One of the unusual properties of carbon had been discovered a few years earlier by Humphry Davy, an English chemist. The common form of pure carbon is the black, chalky substance we call graphite. However, carbon also exists in another solid form. In 1814, Davy used an enormous magnifying glass to heat and burn a diamond—and, to his amazement, it disintegrated into carbon dust. He had proven that graphite and diamond—materials with radically different properties—are composed of the same element. This is a rare phenomenon, but not unique; chemists also knew that tin exists as both a gray powder and a white, malleable metal. Different forms of the same element are called “allotropes.”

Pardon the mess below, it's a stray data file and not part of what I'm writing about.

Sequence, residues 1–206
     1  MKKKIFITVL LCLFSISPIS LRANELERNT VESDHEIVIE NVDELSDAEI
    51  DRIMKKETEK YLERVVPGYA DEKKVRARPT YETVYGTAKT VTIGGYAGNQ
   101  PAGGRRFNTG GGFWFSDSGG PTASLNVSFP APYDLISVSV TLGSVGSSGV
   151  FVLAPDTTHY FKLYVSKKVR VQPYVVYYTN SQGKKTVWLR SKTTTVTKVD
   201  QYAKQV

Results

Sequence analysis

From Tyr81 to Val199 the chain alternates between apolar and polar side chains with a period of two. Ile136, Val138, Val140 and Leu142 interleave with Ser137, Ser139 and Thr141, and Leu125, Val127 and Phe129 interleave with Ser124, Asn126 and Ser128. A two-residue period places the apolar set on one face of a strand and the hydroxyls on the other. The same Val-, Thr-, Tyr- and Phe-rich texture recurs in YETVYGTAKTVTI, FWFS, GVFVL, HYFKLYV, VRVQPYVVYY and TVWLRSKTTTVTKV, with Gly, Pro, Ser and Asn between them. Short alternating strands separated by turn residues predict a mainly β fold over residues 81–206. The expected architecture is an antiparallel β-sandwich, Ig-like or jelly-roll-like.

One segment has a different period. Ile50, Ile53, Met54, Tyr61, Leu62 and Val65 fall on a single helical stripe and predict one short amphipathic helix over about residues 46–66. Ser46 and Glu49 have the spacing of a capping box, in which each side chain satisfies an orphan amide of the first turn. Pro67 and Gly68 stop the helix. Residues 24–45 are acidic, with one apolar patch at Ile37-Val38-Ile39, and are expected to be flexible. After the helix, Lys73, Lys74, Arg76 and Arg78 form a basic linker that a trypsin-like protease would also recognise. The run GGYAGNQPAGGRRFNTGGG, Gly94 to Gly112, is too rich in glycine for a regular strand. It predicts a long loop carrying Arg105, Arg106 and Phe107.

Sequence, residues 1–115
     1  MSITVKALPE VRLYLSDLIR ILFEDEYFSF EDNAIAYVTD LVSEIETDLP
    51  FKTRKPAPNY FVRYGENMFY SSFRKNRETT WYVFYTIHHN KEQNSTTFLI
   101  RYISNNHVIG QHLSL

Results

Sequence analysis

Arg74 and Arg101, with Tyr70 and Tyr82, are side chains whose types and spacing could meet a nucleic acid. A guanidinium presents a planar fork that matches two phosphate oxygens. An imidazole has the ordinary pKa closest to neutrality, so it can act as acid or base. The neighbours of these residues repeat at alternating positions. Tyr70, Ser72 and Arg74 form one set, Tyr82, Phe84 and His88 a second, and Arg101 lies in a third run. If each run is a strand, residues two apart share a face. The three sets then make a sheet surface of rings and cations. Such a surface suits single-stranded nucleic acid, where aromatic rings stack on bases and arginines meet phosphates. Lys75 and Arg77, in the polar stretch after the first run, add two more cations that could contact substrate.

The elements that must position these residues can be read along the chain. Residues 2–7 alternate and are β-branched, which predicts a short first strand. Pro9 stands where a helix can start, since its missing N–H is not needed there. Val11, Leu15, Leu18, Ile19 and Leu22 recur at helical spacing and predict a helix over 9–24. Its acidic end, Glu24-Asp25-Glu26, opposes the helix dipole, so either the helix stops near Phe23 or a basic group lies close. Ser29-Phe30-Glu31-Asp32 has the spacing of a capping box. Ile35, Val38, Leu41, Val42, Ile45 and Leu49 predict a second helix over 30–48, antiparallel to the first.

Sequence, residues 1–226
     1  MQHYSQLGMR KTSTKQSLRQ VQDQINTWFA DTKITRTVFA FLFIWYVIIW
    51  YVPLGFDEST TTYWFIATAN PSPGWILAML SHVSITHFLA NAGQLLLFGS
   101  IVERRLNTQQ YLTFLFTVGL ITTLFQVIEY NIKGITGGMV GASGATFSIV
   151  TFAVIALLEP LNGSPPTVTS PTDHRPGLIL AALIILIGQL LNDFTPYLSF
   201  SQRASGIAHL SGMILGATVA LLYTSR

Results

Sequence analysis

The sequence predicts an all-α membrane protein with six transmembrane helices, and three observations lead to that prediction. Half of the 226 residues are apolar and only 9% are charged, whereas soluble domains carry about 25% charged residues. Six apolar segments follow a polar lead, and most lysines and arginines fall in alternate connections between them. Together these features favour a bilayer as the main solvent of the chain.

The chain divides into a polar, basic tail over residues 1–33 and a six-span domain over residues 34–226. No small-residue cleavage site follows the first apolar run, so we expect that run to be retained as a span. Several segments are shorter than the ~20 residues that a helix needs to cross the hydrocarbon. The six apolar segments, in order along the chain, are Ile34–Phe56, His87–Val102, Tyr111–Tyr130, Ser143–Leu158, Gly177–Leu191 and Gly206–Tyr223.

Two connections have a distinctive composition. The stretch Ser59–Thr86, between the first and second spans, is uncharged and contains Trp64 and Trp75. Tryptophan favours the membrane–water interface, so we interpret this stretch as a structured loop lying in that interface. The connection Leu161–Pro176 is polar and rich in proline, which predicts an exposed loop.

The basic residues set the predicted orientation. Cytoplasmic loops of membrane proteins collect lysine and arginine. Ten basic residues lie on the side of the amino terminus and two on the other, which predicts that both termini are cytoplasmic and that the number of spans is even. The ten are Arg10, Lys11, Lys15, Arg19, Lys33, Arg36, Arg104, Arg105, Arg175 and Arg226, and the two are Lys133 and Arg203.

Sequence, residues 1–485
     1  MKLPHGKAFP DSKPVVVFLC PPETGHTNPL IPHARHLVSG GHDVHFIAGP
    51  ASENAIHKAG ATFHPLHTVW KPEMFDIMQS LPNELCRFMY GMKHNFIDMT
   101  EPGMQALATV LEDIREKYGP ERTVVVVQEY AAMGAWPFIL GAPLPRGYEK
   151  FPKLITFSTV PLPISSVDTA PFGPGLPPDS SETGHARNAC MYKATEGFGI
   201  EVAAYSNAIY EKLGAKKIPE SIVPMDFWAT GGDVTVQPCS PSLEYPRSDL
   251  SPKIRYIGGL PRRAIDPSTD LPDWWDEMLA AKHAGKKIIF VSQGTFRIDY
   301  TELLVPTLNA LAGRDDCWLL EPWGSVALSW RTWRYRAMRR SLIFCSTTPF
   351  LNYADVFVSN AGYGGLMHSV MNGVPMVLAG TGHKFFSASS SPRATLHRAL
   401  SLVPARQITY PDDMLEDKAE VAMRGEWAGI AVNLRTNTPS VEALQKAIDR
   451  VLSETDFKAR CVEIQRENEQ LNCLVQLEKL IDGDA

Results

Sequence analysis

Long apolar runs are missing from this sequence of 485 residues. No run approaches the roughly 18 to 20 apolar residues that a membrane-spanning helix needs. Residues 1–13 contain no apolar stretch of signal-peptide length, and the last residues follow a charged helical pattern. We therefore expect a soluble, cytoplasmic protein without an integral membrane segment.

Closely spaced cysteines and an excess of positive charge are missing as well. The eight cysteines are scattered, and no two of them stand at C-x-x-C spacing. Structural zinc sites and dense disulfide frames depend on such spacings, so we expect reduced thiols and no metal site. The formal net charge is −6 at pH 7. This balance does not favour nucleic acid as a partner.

In the next decade, chemists discovered a similar phenomenon among compounds. In 1823, the German chemist Justus von Liebig carried out a quantitative analysis of silver fulminate; at about the same time, his colleague Friedrich Wohler analyzed silver cyanate. These compounds have very different chemical properties; the fulminate reacts explosively, whereas the cyanate does not. Yet, when the two chemists compared notes, they found that both compounds are made of silver, oxygen, carbon, and nitrogen in identical proportions. Soon thereafter, Wohler proved that ammonium cyanate and urea—which, again, have very different properties—are composed of identical proportions of hydrogen, nitrogen, carbon, and oxygen. Several other such cases were discovered in the 1820s. Different chemical compounds made of the same elements in identical proportions were named “isomers,” a term that derives from the Greek words meaning “equal parts.”